The notion that certain mental or physical events can capture attention has been one of the most enduring topics in the study of attention owing to the importance of understanding how goal-directed and stimulus-driven processes interact in perception and cognition. Despite the clear theoretical and applied importance of attentional capture, a broad survey of this field suggests that the term "capture" means different things to different people. In some cases, it refers to covert shifts of spatial attention, in others involuntary saccades, and in still others general disruption of processing by irrelevant stimuli. The properties that elicit "capture" can also range from abruptly onset or moving lights, to discontinuities in textures, to unexpected tones, to emotionally valenced words or pictures, to directional signs and symbols.
Attentional capture has been explored in both the spatial and temporal domains as well as the visual and auditory modalities. There are also a number of different theoretical perspectives on the mechanisms underlying "capture" (both functional and neurophysiological) and the level of cognitive control over capture.
This special issue provides a sampling of the diversity of approaches, domains, and theoretical perspectives that currently exist in the study of attentional capture. Together, these contributions should help evaluate the degree to which attentional capture represents a unitary construct that reflects fundamental theoretical principles and mechanisms of the mind.
Table of Contents
Gibson, Folk, Theeuwes, Kingstone, Introduction. V. Santangelo, C. Spence, Crossmodal Attentional Capture in an Unspeeded Simultaneity Judgment Task. E. F. Ester, E. Awh, The Processing Locus of Interference from Salient Singleton Distractors. B. S. Gibson, T. A. Bryant, The Identity Intrusion Effect: Attentional Capture or Perceptual Load? S. Forster, N. Lavie, Attentional Capture by Entirely Irrelevant Distractors. C. L. Folk, R. W. Remington, Bottom-up Priming of Top-down Attentional Control Settings. J. Theeuwes, E. Van der Burg, The role of cueing in attentional capture. J. D. Eastwood, A. Frischen, M. Reynolds, C. Gerritsen, M. Dubins, D. Smilek, Do emotionally expressive faces automatically capture attention? Evidence from global-local interference. S. B. Most, J. A. Jungé, Don’t look back: Retroactive, dynamic costs and benefits of emotional capture. R. Godijn, A. F. Kramer, Oculomotor Capture by Surprising Onsets. G. Horstmann, S. I. Becker, Effects of Stimulus Onset Asynchrony and Display Duration on Implicit and Explicit Measures of Attentional Capture by a Surprising Singleton. C. Owens, B. Spehar, Unique temporal change does not account for attentional capture by sudden-onsets. V. M. West, J. B. Hopfinger, Memory’s grip on attention: The influence of item memory on the allocation of attention. E. Birmingham, W. F. Bischof, A. Kingstone, Gaze selection in complex social scenes. H. Karacan, M. M. Hayhoe, Is Attention Drawn to Changes in Familiar Scenes? J. R. Brockmole, J. M. Henderson, Prioritizing New Objects for Eye Fixation in Real-World Scenes: Effects of Object-Scene Consistency. G. Kuhn, B. W. Tatler, J. M. Findlay, G. G. Cole, Misdirection in magic: Implications for the relationship between eye gaze and attention.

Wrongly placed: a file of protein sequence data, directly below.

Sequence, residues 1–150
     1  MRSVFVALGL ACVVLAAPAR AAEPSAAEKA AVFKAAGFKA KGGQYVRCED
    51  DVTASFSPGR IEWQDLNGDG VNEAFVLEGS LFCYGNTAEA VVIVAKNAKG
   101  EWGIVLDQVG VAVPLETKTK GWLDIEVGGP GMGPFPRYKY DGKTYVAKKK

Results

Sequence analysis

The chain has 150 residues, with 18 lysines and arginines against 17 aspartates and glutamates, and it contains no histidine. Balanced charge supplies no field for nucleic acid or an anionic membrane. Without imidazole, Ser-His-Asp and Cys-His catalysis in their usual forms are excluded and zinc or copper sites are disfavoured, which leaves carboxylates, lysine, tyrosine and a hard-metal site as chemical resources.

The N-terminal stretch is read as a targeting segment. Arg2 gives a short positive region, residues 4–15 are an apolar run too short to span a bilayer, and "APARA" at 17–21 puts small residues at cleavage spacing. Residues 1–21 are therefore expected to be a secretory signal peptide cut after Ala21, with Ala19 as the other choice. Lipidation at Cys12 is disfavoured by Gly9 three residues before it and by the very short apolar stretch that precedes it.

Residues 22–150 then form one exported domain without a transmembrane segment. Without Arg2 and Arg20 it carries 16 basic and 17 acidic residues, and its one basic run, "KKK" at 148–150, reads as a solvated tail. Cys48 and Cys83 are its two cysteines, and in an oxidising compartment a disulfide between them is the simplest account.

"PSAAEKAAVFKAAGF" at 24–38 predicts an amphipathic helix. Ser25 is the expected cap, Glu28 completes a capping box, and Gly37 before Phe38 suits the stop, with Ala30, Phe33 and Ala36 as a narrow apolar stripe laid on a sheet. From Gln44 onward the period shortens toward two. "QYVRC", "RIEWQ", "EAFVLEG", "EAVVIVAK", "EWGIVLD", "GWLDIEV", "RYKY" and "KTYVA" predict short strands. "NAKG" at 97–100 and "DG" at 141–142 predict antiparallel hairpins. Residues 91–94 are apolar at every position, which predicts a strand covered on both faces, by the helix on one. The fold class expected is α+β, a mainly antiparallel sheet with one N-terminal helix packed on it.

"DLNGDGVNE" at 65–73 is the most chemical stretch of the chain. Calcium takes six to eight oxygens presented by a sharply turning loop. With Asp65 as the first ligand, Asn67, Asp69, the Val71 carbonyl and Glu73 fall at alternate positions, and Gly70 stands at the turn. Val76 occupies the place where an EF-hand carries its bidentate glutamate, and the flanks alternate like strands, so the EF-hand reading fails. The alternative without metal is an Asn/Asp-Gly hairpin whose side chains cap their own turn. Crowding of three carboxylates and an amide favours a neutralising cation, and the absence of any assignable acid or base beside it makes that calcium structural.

Bradley S. Gibson is Associate Professor in the Department of Psychology at the University of Notre Dame, France.
Charles Folk is at the Villanova University.
Jan Theeuwes is at the Vrije Universiteit, Amsterdam, the Netherlands.
Alan Kingstone is at the University of British Columbia, USA.